As you may know, the Department of Labor has included the proposal of a new fiduciary rule on its Regulatory Agenda. The Agenda indicated that it would be issued in December of last year. But, of course, it hasn’t.

That raises the question of, if we get a proposed regulation in the near future, will it ever become a final rule?

Of course, if the current Administration wins the Presidential election, the proposed regulation would ultimately be adopted in final form (perhaps with some minor changes). However, if the White House changes parties after this November’s election, there may not be enough time for a regulation to be proposed and finalized. Here’s why.

There are several ways that a new, incoming Administration can stop a regulation from the prior Administration.

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Best Practices for Plan Sponsors #12

Lessons Learned from Litigation (#5)—The Johns Hopkins Case

This is the twelfth in a series of articles about Best Practices for Plan Sponsors. To be clear, “best practices” are not the same as legal requirements. Instead, they are about better ways to manage retirement plans. In many cases, though, “best practices” also are good risk management tools because they should exceed legal standards, address areas of concern, or anticipate future developments as retirement plans and expectations evolve.

Plan sponsors should be aware of the latest trends in fiduciary litigation to help manage the risk of being sued and, if sued, the risk of being liable. In my past four plan sponsor posts, Best Practices for Plan Sponsors #8, #9, #10 and #11, I discussed the lessons learned from the conditions in the settlement agreements for the Anthem, Vanderbilt, BB&T and ABB cases. This article—about the Johns Hopkins settlement agreement—is another example of the importance of using appropriate share classes and the monitoring of compensation of service providers . . . and more.

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Best Practices for Plan Sponsors #11

Lessons Learned from Litigation (#4)—The ABB Case

This is the eleventh in a series of articles about Best Practices for Plan Sponsors. To be clear, “best practices” are not the same as legal requirements. Instead, they are about better ways to manage retirement plans. In many cases, though, “best practices” also are good risk management tools because they should exceed legal standards, address areas of concern, or anticipate future developments as retirement plans and expectations evolve.

Plan sponsors should be aware of the latest trends in fiduciary litigation to help manage the risk of being sued and, if sued, the risk of being liable. In my past three plan sponsor posts, Best Practices for Plan Sponsors #8, #9, and #10, I discussed the lessons learned from the conditions in the settlement agreements for the Anthem, Vanderbilt and BB&T cases. This article—about the ABB settlement agreement—is another example of the importance of using appropriate share classes and the  monitoring of compensation of service providers . . . and more.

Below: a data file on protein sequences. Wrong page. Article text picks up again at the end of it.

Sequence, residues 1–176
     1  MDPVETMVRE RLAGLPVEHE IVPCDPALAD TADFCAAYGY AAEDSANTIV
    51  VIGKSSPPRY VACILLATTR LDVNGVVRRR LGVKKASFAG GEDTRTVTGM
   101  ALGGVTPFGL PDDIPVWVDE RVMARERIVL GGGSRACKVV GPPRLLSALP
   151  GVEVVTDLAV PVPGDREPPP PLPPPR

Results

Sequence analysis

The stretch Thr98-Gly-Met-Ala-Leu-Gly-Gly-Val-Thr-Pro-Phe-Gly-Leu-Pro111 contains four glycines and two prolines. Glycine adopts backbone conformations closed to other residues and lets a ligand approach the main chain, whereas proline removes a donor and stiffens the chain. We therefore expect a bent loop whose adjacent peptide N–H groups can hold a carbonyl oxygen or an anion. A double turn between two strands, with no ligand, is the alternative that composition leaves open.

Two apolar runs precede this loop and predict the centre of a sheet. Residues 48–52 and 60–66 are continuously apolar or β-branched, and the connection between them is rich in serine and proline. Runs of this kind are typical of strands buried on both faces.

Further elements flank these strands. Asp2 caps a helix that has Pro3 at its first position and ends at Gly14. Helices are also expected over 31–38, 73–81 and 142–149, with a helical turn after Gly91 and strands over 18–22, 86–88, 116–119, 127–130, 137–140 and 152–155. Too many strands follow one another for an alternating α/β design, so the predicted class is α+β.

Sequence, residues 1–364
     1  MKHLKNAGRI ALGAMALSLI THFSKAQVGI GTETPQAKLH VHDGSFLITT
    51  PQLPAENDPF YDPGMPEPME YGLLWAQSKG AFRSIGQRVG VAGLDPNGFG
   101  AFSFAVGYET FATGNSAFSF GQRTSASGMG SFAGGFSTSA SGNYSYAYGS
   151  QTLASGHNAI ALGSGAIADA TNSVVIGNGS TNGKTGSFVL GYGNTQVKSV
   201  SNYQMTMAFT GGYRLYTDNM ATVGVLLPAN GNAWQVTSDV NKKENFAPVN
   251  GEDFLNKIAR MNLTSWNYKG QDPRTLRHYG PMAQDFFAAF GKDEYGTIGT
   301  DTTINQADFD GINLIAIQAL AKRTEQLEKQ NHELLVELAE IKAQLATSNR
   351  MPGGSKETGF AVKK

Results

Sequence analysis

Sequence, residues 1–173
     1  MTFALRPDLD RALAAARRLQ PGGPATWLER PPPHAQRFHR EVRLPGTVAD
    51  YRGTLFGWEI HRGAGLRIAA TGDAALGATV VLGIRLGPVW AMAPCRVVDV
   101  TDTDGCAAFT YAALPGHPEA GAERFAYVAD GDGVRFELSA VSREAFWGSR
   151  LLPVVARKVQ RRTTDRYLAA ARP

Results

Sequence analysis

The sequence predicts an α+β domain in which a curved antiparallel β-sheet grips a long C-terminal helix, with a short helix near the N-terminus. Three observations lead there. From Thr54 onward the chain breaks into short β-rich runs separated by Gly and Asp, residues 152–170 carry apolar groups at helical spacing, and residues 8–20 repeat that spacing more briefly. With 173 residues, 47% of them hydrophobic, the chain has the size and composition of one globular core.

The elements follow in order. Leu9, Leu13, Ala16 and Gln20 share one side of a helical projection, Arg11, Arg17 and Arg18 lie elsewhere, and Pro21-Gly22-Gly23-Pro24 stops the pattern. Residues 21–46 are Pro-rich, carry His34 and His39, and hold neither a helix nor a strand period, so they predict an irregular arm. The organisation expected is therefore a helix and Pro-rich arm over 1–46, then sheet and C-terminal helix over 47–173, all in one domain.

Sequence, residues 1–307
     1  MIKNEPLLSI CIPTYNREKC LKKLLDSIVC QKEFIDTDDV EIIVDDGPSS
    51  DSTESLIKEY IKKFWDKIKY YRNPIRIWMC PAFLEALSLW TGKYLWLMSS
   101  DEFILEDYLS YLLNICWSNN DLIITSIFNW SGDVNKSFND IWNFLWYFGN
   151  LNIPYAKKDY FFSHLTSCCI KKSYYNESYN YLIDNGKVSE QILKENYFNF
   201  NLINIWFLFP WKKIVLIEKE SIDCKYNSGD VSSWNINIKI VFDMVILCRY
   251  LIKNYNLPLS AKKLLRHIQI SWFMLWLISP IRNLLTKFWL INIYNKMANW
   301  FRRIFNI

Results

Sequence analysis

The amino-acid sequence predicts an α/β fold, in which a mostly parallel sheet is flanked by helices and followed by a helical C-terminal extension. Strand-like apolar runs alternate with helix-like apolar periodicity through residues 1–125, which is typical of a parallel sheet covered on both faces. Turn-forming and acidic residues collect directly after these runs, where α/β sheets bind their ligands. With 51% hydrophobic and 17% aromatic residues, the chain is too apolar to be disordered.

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The SECURE Act and Guaranteed Retirement Income in Plans

By now you have probably seen a number of articles about the SECURE Act (Setting Every Community Up for Retirement Enhancement Act of 2019) and its safe harbor for guaranteed retirement income in 401(k) plans. Some have favored the safe harbor, while others have criticized it. In either case, the authors appear to contemplate that participants will be buying individual annuities at retail prices.

In my opinion, those articles—on both sides of the fight—are at best misleading and in some cases just plain wrong. I am writing this article to give you my views.

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Best Practices for Plan Sponsors #9

Lessons Learned from Litigation (#2)—the Vanderbilt Case

This is the ninth of the series about Best Practices for Plan Sponsors.

Plan sponsors should be aware of the latest trends in fiduciary litigation in order to manage the risk of being sued and, if sued, of being liable. In my post, Best Practices for Plan Sponsors #8, I discussed the lessons from the settlement of the Anthem case. The Vanderbilt settlement is another example of the importance of using appropriate share classes and of a good process for selecting investments and monitoring service providers. This article discusses the Vanderbilt lawsuit and the conditions in the settlement agreement.